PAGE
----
Skip to main content

Artist-run galleries—A contemporary institutional change in the visual arts

Abstract

This paper focuses on the contemporary phenomenon of artists who, because of institutional changes in the social organization of the visual arts, become their own gatekeepers by running their own galleries, managing their own exposure and re-establishing direct contact with their audiences and communities. The author contends that the ways in which artists have pursued and organized their own galleries shed light on both the functioning of the established social organization of art and the circumstances that bring about its change. The paper explores the organization, operations and viability of visual artist-managed galleries in the San Francisco and Santa Cruz areas of California as an alternative to the established organization of the art market.

This is a preview of subscription content, access via your institution.

References

  • Art Letter 1976 “Special report on alternative exhibiting spaces and co-operative galleries” ART LETTER (January).

  • Ashton, Dore 1972 The New York School: A Cultural Reckoning. New York: The Viking Press.

    Google Scholar 

  • Burn, Ian 1975 “The art market: affluence and degradation.” Artforum, Vol. 12 (April), pp. 34–37.

    Google Scholar 

  • Chamberlain, Betty 1972 “Who are you.” American Artists. Vol. 36, No. 360 (July), p. 204.

    Google Scholar 

  • —— 1974 “How to set up a cooperative gallery.” American Artist. Vol. 38, No. 378 (January), pp. 28–31.

    Google Scholar 

  • Chicago, Judy 1972 Through the Flower. New York: Doubleday & Company, Inc.

    Google Scholar 

  • Crane, Diana 1976 “Reward systems in art, science, and religion.” Americn Behavioral Scientist. Vol. 19, No. 6 (July–August), pp. 719–734.

    Google Scholar 

  • Floating Seminar #2 1975 A Survey of Alternative Art Spaces in San Francisco, edited by Paul Kagawa. San Francisco: The Floating Seminar.

  • Goodman, Calvin J. 1974 “Are you a professional artist?” American Artist. Vol. 38, No. 378 (January), pp. 19–21.

    Google Scholar 

  • Henning, Edward B. 1970 “Patronage and style in the arts: A suggestion concerning their relations.” in Albrecht, Milton, James Barnett and Mason Griff (eds.), The Sociology of Art and Literature. New York: Praeger Publishers, pp. 353–362.

    Google Scholar 

  • Laurenson, Diana T. and Alan Swingewood 1972 The Sociology of Literature. New York: Schocken Books.

    Google Scholar 

  • Mulford, Harry n.d. “Artists and literary men, a history of the San Francisco Art Institute,” an unpublished manuscript (and other historical material compiled by Mr. Mulford, presently at the library of the San Francisco Art Institute).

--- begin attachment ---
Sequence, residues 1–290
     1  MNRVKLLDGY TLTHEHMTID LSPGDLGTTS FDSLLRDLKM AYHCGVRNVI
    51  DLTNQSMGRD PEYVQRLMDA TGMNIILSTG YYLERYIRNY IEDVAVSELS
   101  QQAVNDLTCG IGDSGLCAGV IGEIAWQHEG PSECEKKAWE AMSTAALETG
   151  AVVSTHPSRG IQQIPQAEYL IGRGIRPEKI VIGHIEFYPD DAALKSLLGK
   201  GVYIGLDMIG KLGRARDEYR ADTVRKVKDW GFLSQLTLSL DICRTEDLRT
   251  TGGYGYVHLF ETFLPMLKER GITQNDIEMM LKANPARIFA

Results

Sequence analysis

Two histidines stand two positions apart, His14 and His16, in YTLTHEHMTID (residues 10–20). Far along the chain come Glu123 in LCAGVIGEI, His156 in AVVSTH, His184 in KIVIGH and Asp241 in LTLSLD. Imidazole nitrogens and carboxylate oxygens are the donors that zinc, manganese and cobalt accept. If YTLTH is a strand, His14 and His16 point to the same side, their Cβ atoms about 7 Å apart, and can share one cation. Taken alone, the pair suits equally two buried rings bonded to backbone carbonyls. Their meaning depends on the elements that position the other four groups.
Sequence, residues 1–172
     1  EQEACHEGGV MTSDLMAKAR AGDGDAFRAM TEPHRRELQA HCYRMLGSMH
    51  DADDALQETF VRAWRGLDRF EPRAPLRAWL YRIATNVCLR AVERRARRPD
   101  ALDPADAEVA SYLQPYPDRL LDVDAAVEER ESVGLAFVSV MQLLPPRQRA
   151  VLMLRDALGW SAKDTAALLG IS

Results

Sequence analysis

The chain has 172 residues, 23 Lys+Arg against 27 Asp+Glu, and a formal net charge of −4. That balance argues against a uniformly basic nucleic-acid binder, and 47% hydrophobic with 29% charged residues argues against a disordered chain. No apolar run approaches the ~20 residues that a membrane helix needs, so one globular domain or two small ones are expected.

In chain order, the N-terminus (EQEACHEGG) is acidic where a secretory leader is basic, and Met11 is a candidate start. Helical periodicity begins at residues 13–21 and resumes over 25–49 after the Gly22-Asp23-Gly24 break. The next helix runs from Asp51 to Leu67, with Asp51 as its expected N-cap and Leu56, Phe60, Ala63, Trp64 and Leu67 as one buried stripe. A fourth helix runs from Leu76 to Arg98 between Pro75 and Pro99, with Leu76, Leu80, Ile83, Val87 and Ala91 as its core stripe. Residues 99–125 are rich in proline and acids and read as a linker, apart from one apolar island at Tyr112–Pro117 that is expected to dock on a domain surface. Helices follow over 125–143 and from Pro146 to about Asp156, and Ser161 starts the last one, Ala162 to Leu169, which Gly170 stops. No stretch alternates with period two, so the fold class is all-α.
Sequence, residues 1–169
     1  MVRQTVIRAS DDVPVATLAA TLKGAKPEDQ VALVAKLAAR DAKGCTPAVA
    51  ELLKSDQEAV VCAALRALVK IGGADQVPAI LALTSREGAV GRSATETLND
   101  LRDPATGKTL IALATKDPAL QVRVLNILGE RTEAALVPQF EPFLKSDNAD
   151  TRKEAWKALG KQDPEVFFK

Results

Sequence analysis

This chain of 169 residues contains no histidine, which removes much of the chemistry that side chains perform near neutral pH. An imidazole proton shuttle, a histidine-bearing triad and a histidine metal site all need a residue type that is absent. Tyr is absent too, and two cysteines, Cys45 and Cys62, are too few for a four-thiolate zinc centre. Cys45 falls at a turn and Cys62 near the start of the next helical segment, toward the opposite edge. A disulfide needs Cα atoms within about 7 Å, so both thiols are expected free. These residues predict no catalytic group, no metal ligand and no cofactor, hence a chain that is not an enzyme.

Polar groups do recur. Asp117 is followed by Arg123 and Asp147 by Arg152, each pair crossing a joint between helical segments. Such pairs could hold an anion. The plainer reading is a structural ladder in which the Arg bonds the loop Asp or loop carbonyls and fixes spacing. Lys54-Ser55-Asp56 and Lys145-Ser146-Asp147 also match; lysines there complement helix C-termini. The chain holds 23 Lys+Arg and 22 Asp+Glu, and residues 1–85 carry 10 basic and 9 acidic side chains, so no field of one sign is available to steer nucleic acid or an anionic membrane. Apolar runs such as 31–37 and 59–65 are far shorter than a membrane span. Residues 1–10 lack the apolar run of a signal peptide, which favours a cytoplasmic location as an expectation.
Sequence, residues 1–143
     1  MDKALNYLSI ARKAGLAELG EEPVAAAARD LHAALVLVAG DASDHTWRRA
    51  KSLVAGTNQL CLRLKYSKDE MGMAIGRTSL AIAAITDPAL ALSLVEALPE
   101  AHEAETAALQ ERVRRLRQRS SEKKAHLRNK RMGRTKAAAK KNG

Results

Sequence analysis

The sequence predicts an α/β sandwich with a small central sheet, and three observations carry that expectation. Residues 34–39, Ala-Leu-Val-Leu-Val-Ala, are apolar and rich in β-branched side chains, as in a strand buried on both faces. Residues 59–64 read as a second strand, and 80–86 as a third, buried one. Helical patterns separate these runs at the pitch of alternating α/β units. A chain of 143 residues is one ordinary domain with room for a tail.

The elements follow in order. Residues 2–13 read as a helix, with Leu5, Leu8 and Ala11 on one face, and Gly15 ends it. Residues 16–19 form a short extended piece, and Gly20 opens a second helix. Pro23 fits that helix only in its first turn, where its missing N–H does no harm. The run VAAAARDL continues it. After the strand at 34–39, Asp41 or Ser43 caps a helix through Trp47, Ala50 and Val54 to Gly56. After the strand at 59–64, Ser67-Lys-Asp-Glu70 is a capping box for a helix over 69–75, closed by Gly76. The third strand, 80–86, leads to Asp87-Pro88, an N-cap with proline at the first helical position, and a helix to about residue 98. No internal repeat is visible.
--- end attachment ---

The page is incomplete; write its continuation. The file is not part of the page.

• Patton, Phil 1977 “Other voices, other rooms: The rise of the alternative space.” Art in America. (July–August), pp. 80–89.

  • Plagens, Peter 1974 Sunshine Muse—Contemporary Art on the West Coast. New York: Praeger Publishers.

    Google Scholar 

  • Pevsner, Nikolaus 1970 “French and Dutch artists in the Seventeenth Century.” in Albrecht, Milton, et al. (eds.); The Sociology of Art and Literature. New York: Praeger Publishers, pp. 363–369.

    Google Scholar 

  • Rose, Barbara 1967 American Art Since 1900—A Critical History. New York: Praeger Publishers.

    Google Scholar 

  • Rosenberg, Bernard and Norris Fliegel 1967 The Vanguard Artist—Portrait and Self-Portrait. Chicago: Quadrangle Books.

    Google Scholar 

  • Seeman, Melvin 1959 “On the meaning of alienation.” American Sociological Review. Vol. 24, pp. 783–791.

    Google Scholar 

  • Steinback, Alice 1977 A Clean, Well Lighted Space. The Cultural Post. National Endowment for the Arts, issue 12 (July–August), pp. 6–7.

  • Vazquez, Adolfo Sanchez 1972 Art and Society: Essays in Marxist Aesthetics. New York: Monthly Review Press.

    Google Scholar 

  • Weiner, Richard 1974 “The artist and his gallery: Legal agreements that work.” American Artist. Vol. 38, No. 378 (January), pp. 22–27.

    Google Scholar 

  • Whit, Harrison C., and Cynthia A. White 1965 Canvases and Careers—Institutional Change in the French Painting World. New York: John Wiley & Sons, Inc.

    Google Scholar 

  • Wilson, Robert N. n.d. “High culture and popular culture in a business society.” in Ivan Berg (ed.), Business in America. New York: Harcourt, Brace and World, Inc., pp. 390–406.

Download references

Author information

Authors and Affiliations

Authors

Additional information

An earlier version of this paper was presented at the Pacific Sociological Association Meetings in Sacramento, California (April, 1977). This study was made possible by a grant from the Research Committee of the University of California, Santa Cruz. My warmest thanks to Judith Balfe and Gerald Platt for their substantive and editorial assistance and to Jenny Debouzek for her assistance throughout this research.

Rights and permissions

Reprints and Permissions

About this article

Cite this article

Sharon, B. Artist-run galleries—A contemporary institutional change in the visual arts. Qual Sociol 2, 3–28 (1979). https://doi.org/10.1007/BF02390131

Download citation

  • Issue Date:

  • DOI: https://doi.org/10.1007/BF02390131

Keywords

  • Social Organization
  • Social Psychology
  • Direct Contact
  • Social Issue
  • Institutional Change